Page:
Bottom Line: To determine the role of other virulence factors in V. cholerae pathogenesis, we used a CT and TCP independent infection model in the nematode Caenorhabditis elegans and identified the hemolysin A (hlyA) gene as a factor responsible for animal death and developmental delay.We demonstrated a correlation between the severity of infection in the nematode and the level of hemolytic activity in the V. cholerae biotypes.Our data strongly suggest that HlyA is a virulence factor in C. elegans infection leading to lethality and developmental delay presumably through intestinal cytopathic changes.

View Article: PubMed Central - PubMed

Affiliation: Division of Virulence Assessment, Food and Drug Administration, Laurel, Maryland, USA. hediye.cinar@fda.hhs.gov

ABSTRACT

Background: Cholera toxin (CT) and toxin-co-regulated pili (TCP) are the major virulence factors of Vibrio cholerae O1 and O139 strains that contribute to the pathogenesis of disease during devastating cholera pandemics. However, CT and TCP negative V. cholerae strains are still able to cause severe diarrheal disease in humans through mechanisms that are not well understood.

Methodology/principal findings: To determine the role of other virulence factors in V. cholerae pathogenesis, we used a CT and TCP independent infection model in the nematode Caenorhabditis elegans and identified the hemolysin A (hlyA) gene as a factor responsible for animal death and developmental delay. We demonstrated a correlation between the severity of infection in the nematode and the level of hemolytic activity in the V. cholerae biotypes. At the cellular level, V. cholerae infection induces formation of vacuoles in the intestinal cells in a hlyA dependent manner, consistent with the previous in vitro observations.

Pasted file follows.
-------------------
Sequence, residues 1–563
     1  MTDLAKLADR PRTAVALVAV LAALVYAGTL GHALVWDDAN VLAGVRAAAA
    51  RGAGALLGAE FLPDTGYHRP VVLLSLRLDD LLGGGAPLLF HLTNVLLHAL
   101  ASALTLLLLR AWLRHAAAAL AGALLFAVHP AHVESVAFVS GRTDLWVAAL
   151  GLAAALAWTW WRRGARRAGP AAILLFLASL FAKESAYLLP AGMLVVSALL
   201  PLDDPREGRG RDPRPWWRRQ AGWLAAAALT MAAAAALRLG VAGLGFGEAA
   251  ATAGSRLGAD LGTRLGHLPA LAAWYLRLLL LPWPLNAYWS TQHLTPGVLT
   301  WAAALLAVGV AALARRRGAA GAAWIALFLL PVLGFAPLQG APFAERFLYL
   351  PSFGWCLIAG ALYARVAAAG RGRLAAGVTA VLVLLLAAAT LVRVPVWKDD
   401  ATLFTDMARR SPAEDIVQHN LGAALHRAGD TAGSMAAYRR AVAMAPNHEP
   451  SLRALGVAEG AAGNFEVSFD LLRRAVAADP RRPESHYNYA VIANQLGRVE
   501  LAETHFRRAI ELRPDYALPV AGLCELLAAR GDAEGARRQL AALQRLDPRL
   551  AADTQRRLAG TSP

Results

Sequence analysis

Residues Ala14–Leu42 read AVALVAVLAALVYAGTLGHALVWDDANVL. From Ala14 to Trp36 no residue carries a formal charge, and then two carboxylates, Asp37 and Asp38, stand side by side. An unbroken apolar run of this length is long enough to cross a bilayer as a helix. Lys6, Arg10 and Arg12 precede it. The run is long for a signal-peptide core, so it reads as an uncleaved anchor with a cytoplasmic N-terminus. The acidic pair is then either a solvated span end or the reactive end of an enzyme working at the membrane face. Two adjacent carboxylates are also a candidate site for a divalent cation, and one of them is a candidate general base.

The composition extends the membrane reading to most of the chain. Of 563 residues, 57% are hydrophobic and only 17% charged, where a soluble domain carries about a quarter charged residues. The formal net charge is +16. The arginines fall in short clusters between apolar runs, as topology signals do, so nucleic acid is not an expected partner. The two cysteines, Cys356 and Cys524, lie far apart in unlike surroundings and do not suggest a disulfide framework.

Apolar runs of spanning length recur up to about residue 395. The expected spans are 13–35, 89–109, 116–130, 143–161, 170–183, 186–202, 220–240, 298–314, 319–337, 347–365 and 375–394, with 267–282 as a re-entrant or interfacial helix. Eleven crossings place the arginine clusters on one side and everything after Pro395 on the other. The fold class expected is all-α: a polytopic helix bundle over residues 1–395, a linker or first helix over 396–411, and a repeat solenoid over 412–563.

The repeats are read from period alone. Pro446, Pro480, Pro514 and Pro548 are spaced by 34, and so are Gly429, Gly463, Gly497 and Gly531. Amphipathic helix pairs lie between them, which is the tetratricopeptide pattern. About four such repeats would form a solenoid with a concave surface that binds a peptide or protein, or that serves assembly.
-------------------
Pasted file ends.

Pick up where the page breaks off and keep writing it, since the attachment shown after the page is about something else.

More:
Conclusions/significance: Our data strongly suggest that HlyA is a virulence factor in C. elegans infection leading to lethality and developmental delay presumably through intestinal cytopathic changes.

Show MeSH
Related in: MedlinePlus